Project Blueprint Aims to Increase Diversity in Board Leadership

Nonprofit boards throughout Greater Stark County have historically lacked diversity. So in 2019, United Way of Greater Stark County launched a program that aims to change that. Project Blueprint is designed to recruit, train and connect diverse volunteer leaders to policy-making roles and enhance the effectiveness of nonprofit agencies throughout our community.

“We feel like diverse representation is important because our boards and our committees should be reflective of those we are serving,” said United Way of Greater Stark County’s Director of Project Blueprint LaFlovia Ginanni. “We don’t just serve one race, one age group, one gender group or one sexual orientation. We serve a whole community of different types of people, so the people in decision-making roles should be more representative of that.”

The 12-week program introduces participants to the roles and expectations of board members including parliamentary procedures, board governance and fiduciary responsibilities. It also explores broader topics like cultural inclusion and the economics of wealth and power.

Onwar Shaheer, a manufacturing process design engineer at Hendrickson Trailer Commercial Vehicle Systems, graduated from the program in January 2020.

“The more that I gave back to Project Blueprint, the more it gave to me,” said Shaheer. “It gave me the confidence to know that I can make a difference. You don’t have to be the most experienced person. You just have to be committed to a cause. [Project Blueprint] will give you the tools. You just bring your natural self, and you can make a difference.”

Shaheer said the program went beyond the basics of board responsibilities. It strengthened his leadership skills and instilled confidence in his ability to create change.

“The program definitely gives you the confidence and the ability to believe in yourself,” he said. “The sessions reiterate, this is what you can do. This is why we need you in the community. Not just on the board [of an organization]. I know that’s the main goal of the program. But it’s really saying, this is why we need you in the community. This is why we need you to step up and make an impact. They ask you the question at the start, ‘why do you think you’re here?’ And you have to search inside of yourself for the answer to that question.”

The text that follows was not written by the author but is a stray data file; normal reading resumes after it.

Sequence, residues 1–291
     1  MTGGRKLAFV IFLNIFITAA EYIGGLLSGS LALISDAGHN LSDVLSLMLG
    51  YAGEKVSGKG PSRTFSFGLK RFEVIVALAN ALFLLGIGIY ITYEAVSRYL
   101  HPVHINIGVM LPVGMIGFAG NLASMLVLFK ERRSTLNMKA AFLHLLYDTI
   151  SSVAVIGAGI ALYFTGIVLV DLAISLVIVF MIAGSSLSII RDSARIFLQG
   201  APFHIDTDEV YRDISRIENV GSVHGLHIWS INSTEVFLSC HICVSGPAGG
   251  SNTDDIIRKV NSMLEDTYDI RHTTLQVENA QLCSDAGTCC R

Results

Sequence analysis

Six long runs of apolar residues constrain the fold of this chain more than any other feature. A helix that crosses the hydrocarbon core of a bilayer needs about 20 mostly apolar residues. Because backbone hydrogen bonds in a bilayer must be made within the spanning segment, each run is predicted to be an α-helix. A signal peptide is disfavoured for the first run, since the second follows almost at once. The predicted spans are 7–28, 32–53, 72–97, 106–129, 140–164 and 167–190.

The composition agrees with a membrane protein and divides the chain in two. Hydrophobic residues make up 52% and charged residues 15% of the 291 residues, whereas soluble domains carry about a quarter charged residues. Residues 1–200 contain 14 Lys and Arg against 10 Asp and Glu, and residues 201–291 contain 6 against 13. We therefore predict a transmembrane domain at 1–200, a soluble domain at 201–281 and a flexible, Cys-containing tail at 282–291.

Ginanni said gaining that confidence to participate is key, and she hopes every student knows their contributions make a difference.

“I wanted people to not only feel valued but to know that they have something to offer. We want to see more diversity in those decision-making rooms, but if they don’t feel prepared or confident or able to speak, it does no good,” she said. “It’s not just about the numbers. We could easily start assigning people to boards. But we want to make sure that what they do matches their passion and matches their hearts. It’s not just a numbers game. It’s about getting people involved in issues that mean something to them.”

The program graduated 14 students in its inaugural class, and Ginanni said she’s hopes to see that continue to grow.

“I want the community to catch on that this is something of importance. That this is something we should be committed to, not just at United Way, but across our entire community,” she said. “Other nonprofits, other agencies and other community leaders, we can all work together to see this progress. I want to walk into more rooms and see more of what I call, ‘pops of color,’ in the room. I want it to no longer be an issue.”